↓ Skip to main content

Nutrient Administration and Resistance Training

Overview of attention for article published in Journal of the International Society of Sports Nutrition, June 2005
Altmetric Badge

About this Attention Score

  • In the top 25% of all research outputs scored by Altmetric
  • Good Attention Score compared to outputs of the same age (78th percentile)
  • Average Attention Score compared to outputs of the same age and source

Mentioned by

twitter
5 tweeters
facebook
1 Facebook page
googleplus
1 Google+ user

Citations

dimensions_citation
11 Dimensions

Readers on

mendeley
97 Mendeley
You are seeing a free-to-access but limited selection of the activity Altmetric has collected about this research output. Click here to find out more.
Title
Nutrient Administration and Resistance Training
Published in
Journal of the International Society of Sports Nutrition, June 2005
DOI 10.1186/1550-2783-2-1-50
Pubmed ID
Authors

Chad M Kerksick, Brian Leutholtz

Abstract

Skeletal muscle tissue is tightly regulated throughout our bodies by balancing its synthesis and breakdown. Many factors are known to exist that cause profound changes on the overall status of skeletal muscle, some of which include exercise, nutrition, hormonal influences and disease. Muscle hypertrophy results when protein synthesis is greater than protein breakdown. Resistance training is a popular form of exercise that has been shown to increase muscular strength and muscular hypertrophy. In general, resistance training causes a stimulation of protein synthesis as well as an increase in protein breakdown, resulting in a negative balance of protein. Providing nutrients, specifically amino acids, helps to stimulate protein synthesis and improve the overall net balance of protein. Strategies to increase the concentration and availability of amino acids after resistance exercise are of great interest and have been shown to effectively increase overall protein synthesis. 123 After exercise, providing carbohydrate has been shown to mildly stimulate protein synthesis while addition of free amino acids prior to and after exercise, specifically essential amino acids, causes a rapid pronounced increase in protein synthesis as well as protein balance.13 Evidence exists for a dose-response relationship of infused amino acids while no specific regimen exists for optimal dosing upon ingestion. Ingestion of whole or intact protein sources (e.g., protein powders, meal-replacements) has been shown to cause similar improvements in protein balance after resistance exercise when compared to free amino acid supplements. Future research should seek to determine optimal dosing of ingested intact amino acids in addition to identifying the cellular mechanistic machinery (e.g. transcriptional and translational mechanisms) for causing the increase in protein synthesis.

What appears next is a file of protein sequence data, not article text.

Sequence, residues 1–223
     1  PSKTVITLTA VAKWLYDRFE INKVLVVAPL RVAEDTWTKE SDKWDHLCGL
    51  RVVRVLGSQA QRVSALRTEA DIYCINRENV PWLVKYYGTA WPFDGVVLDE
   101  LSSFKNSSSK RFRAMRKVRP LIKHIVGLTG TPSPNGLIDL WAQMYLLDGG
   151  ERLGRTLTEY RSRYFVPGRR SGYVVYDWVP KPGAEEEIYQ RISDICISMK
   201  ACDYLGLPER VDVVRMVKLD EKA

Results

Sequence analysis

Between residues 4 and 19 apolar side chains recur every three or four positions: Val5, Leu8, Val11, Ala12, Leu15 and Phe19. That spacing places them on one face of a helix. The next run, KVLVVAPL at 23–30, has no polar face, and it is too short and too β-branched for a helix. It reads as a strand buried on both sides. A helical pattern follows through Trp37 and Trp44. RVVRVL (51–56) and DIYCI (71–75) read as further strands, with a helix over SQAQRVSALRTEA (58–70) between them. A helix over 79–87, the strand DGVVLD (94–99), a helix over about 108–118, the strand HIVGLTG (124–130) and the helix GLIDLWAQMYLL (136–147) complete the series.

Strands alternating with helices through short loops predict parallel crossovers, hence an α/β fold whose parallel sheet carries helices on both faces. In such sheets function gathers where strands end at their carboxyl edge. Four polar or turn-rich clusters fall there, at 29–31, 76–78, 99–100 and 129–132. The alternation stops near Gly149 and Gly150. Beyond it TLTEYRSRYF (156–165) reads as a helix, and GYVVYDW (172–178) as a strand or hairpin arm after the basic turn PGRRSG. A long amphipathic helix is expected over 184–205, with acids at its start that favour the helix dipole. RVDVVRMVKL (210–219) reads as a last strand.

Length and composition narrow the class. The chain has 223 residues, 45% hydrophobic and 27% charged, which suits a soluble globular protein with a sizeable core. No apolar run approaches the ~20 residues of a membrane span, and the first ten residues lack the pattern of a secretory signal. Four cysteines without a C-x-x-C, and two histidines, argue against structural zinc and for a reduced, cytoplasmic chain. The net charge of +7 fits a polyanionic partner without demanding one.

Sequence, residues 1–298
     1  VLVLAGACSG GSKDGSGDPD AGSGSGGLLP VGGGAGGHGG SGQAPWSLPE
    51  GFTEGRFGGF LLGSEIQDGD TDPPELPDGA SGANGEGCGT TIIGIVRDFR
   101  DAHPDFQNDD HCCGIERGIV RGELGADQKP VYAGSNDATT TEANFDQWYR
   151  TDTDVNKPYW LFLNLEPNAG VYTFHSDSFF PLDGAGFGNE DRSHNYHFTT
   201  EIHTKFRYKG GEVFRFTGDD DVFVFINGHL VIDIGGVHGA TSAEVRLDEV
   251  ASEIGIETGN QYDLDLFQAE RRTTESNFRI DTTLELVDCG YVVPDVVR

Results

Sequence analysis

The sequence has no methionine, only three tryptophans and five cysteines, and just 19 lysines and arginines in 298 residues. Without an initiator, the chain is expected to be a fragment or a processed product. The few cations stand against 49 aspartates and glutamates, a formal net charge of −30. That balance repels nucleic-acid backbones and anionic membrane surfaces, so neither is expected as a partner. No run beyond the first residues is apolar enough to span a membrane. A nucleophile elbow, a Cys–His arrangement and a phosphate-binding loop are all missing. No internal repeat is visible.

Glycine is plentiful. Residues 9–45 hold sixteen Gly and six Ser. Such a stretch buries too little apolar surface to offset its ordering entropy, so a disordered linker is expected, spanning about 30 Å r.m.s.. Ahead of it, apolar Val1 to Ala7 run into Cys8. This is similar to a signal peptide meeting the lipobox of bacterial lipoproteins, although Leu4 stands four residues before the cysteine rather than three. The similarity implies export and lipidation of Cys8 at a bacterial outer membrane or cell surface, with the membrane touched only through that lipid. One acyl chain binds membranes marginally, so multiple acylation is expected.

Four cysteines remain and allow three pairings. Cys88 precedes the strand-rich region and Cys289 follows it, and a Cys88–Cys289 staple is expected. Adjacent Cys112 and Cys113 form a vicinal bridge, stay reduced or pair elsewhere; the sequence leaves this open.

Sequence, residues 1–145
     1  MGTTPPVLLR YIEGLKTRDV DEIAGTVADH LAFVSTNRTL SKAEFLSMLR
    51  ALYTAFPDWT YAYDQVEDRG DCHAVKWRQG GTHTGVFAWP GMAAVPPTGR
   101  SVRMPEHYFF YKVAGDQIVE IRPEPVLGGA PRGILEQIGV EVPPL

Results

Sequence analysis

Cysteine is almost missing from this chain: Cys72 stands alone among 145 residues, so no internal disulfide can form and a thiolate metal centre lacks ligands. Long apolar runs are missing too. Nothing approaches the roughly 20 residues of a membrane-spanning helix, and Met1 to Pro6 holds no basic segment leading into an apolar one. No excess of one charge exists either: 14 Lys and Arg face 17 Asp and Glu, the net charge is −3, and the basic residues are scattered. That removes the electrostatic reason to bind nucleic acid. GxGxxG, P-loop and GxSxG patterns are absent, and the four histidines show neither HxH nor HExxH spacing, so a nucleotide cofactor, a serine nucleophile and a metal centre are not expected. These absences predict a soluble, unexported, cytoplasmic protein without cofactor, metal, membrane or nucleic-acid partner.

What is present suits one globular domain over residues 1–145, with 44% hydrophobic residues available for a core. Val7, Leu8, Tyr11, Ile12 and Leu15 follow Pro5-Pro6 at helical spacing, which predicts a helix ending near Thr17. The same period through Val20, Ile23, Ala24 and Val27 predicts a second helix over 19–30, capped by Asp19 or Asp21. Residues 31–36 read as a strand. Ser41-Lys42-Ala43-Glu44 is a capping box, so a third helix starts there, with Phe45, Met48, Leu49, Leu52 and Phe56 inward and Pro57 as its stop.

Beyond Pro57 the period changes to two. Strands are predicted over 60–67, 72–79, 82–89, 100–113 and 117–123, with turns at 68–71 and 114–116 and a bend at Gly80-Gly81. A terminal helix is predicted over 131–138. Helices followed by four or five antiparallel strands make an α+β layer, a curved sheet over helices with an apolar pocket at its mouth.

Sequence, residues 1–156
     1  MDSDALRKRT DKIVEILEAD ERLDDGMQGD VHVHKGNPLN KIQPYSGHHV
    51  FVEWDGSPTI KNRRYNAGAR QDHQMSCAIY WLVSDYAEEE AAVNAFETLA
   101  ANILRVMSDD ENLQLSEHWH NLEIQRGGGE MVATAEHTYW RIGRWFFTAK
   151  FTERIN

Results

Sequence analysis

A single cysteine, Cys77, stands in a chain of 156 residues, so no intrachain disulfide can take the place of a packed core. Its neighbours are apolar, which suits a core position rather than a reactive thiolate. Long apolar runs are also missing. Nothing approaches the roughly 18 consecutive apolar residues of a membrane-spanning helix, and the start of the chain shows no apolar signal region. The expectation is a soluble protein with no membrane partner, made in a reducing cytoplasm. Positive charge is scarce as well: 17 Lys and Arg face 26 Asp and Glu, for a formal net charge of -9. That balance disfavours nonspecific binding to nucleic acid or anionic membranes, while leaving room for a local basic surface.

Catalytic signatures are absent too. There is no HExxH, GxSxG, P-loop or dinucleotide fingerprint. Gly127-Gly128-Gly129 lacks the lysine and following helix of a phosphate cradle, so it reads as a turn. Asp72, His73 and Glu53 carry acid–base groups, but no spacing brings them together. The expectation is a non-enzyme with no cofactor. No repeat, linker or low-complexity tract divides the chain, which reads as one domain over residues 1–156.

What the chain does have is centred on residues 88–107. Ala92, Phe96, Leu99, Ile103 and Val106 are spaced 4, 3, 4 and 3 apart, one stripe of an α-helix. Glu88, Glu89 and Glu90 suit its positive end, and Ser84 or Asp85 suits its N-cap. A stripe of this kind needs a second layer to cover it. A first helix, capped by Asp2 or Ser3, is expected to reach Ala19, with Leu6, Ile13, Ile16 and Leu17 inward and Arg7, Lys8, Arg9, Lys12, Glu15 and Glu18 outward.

Twitter Demographics

The data shown below were collected from the profiles of 5 tweeters who shared this research output. Click here to find out more about how the information was compiled.

Mendeley readers

The data shown below were compiled from readership statistics for 97 Mendeley readers of this research output. Click here to see the associated Mendeley record.

Geographical breakdown

Country Count As %
Brazil 2 2%
Ukraine 1 1%
New Zealand 1 1%
Unknown 93 96%

Demographic breakdown

Readers by professional status Count As %
Student > Master 20 21%
Student > Bachelor 19 20%
Researcher 8 8%
Student > Postgraduate 6 6%
Student > Ph. D. Student 6 6%
Other 24 25%
Unknown 14 14%
Readers by discipline Count As %
Sports and Recreations 30 31%
Medicine and Dentistry 17 18%
Agricultural and Biological Sciences 14 14%
Nursing and Health Professions 10 10%
Social Sciences 4 4%
Other 10 10%
Unknown 12 12%

Attention Score in Context

This research output has an Altmetric Attention Score of 6. This is our high-level measure of the quality and quantity of online attention that it has received. This Attention Score, as well as the ranking and number of research outputs shown below, was calculated when the research output was last mentioned on 30 November 2017.
All research outputs
#4,087,460
of 16,520,485 outputs
Outputs from Journal of the International Society of Sports Nutrition
#529
of 768 outputs
Outputs of similar age
#46,713
of 218,703 outputs
Outputs of similar age from Journal of the International Society of Sports Nutrition
#32
of 63 outputs
Altmetric has tracked 16,520,485 research outputs across all sources so far. Compared to these this one has done well and is in the 75th percentile: it's in the top 25% of all research outputs ever tracked by Altmetric.
So far Altmetric has tracked 768 research outputs from this source. They typically receive a lot more attention than average, with a mean Attention Score of 48.8. This one is in the 30th percentile – i.e., 30% of its peers scored the same or lower than it.
Older research outputs will score higher simply because they've had more time to accumulate mentions. To account for age we can compare this Altmetric Attention Score to the 218,703 tracked outputs that were published within six weeks on either side of this one in any source. This one has done well, scoring higher than 78% of its contemporaries.
We're also able to compare this research output to 63 others from the same source and published within six weeks on either side of this one. This one is in the 49th percentile – i.e., 49% of its contemporaries scored the same or lower than it.